Glucocorticoid treatment does not alter early cardiac adaptations to growth restriction in preterm sheep fetuses
Article first published online: 17 JUN 2012
© 2012 The Authors BJOG An International Journal of Obstetrics and Gynaecology © 2012 RCOG
BJOG: An International Journal of Obstetrics & Gynaecology
Volume 119, Issue 8, pages 906–914, July 2012
How to Cite
Tare, M., Miller, S., Wallace, E., Sutherland, A., Yawno, T., Coleman, H., Jenkin, G. and Parkington, H. (2012), Glucocorticoid treatment does not alter early cardiac adaptations to growth restriction in preterm sheep fetuses. BJOG: An International Journal of Obstetrics & Gynaecology, 119: 906–914. doi: 10.1111/j.1471-0528.2012.03309.x
- Issue published online: 17 JUN 2012
- Article first published online: 17 JUN 2012
- Accepted 15 January 2012.
- fetal growth restriction;
- ischaemia/reperfusion infarct area;
- Langendorff heart
Please cite this paper as: Tare M, Miller S, Wallace E, Sutherland A, Yawno T, Coleman H, Jenkin G, Parkington H. Glucocorticoid treatment does not alter early cardiac adaptations to growth restriction in preterm sheep fetuses. BJOG 2012;119:906–914.
Objective To study the consequences of glucocorticoid treatment in fetal growth restriction (FGR) on cardiac function.
Methods Growth restriction was induced in sheep fetuses using single umbilical artery ligation (SUAL) on days 105–110 of gestation (term 147). Control fetuses were not ligated. Betamethasone (BM) (11.4 mg intramuscularly) or saline was administered to ewes on days 5 and 6 after surgery. Ewes were anaesthetised on day 7, the fetuses were removed, and their hearts were mounted on a Langendorff apparatus. Balloon catheters were inserted into the right and left ventricles.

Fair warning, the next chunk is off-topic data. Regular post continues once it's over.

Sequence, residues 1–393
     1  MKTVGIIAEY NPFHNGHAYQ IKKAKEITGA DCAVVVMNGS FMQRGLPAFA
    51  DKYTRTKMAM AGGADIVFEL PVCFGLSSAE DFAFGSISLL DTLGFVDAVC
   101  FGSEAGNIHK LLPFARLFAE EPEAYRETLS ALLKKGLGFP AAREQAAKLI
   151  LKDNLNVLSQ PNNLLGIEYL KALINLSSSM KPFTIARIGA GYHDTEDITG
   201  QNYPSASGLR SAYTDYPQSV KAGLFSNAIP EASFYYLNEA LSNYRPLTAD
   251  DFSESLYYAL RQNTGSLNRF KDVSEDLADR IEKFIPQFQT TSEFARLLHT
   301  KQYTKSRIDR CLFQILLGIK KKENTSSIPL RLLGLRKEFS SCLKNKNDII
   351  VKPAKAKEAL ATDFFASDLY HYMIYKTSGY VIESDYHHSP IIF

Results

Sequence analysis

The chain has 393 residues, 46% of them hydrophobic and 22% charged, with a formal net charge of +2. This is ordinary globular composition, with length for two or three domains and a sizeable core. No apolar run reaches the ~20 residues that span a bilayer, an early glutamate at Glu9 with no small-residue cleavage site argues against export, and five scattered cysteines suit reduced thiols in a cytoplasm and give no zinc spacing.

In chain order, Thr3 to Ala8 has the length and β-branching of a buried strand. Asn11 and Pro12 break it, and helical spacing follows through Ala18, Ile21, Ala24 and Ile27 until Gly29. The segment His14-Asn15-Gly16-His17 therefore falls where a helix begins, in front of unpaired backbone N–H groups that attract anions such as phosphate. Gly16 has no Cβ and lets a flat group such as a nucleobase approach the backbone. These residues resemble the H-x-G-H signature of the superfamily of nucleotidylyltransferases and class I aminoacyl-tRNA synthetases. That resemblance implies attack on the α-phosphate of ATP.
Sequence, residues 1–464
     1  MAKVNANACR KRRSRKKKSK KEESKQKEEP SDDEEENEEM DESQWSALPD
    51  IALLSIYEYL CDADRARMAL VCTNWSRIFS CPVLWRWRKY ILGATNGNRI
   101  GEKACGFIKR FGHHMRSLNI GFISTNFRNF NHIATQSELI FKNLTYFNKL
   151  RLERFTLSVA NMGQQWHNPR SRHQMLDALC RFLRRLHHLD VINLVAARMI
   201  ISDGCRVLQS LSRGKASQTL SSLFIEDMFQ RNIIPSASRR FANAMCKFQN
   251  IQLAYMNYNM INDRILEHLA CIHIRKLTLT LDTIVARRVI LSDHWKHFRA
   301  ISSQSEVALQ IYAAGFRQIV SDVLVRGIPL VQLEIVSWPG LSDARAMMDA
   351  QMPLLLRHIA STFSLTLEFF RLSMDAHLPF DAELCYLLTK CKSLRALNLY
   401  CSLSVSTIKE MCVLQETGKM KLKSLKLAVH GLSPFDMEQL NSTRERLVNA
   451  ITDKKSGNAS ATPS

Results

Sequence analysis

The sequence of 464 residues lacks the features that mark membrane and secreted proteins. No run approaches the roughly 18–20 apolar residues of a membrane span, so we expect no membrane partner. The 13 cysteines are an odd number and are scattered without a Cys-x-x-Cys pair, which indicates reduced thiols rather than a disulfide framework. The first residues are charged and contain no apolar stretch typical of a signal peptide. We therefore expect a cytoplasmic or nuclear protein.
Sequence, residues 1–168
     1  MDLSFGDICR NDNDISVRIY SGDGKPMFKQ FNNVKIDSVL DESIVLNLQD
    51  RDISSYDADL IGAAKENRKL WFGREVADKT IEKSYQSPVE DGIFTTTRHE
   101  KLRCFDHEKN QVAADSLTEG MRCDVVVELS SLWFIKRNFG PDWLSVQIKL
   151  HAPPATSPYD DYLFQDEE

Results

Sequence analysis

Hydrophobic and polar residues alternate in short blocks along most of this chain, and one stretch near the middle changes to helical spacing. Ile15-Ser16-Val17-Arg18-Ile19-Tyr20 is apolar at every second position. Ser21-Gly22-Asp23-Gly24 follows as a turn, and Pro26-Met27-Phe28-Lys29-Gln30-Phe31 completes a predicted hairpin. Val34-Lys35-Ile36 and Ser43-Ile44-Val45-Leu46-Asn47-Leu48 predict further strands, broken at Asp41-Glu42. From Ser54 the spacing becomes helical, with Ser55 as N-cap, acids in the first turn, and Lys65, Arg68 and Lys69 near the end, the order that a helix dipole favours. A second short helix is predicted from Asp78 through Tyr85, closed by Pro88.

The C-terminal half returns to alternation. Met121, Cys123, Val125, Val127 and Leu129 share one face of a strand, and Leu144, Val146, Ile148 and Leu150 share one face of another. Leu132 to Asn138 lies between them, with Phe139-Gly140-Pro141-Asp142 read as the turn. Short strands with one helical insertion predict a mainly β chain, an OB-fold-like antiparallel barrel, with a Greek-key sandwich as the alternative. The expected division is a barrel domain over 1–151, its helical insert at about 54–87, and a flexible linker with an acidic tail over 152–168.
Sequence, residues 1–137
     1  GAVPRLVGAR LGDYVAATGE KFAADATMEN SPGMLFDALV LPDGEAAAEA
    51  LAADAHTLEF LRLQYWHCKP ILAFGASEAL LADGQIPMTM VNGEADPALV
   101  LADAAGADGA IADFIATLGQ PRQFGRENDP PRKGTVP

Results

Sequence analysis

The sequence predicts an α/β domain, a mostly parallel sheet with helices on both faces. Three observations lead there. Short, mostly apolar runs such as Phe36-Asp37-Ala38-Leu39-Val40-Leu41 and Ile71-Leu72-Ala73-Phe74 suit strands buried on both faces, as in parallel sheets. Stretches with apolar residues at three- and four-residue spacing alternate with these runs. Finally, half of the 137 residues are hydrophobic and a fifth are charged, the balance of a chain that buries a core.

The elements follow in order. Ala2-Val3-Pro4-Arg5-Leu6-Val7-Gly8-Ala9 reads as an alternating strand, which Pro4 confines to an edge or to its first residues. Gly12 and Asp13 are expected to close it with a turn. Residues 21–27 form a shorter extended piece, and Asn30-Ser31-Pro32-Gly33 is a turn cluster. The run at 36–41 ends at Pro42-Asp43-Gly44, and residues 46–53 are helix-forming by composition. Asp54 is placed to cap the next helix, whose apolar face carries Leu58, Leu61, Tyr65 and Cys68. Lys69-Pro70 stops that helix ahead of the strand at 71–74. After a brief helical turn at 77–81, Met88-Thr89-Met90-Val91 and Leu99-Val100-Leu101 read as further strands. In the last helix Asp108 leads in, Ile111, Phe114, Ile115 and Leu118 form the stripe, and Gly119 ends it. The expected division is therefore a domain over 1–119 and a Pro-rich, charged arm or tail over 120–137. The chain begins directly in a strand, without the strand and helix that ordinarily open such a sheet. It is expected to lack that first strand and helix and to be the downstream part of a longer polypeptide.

Outcome measures Ventricular contractile function and infarct area following ischaemia/reperfusion.
Results The SUAL resulted in FGR (body weight 77% of control). The FGR was associated with increases in basal left ventricular pressure development and rates of contraction and relaxation. Right ventricular contraction was unaffected. Following brief ischaemia/reperfusion, the infarct area in FGR hearts was increased four-fold compared with controls. Antenatal BM resulted in a proportional increase in heart size and coronary flow, especially in FGR fetuses, and left ventricular pressure and heart rate responses to β-adrenoceptor activation were increased.
Conclusions Fetal hearts rapidly adapt to FGR to maintain substrate delivery to the brain and heart. The FGR greatly enhanced the area of ischaemia, with implications for susceptibility in postnatal life. Antenatal BM treatment does not interfere with these cardiac changes but appears to increase left ventricle β-adrenoceptor responsiveness, which may render the offspring vulnerable to subsequent cardiac dysfunction.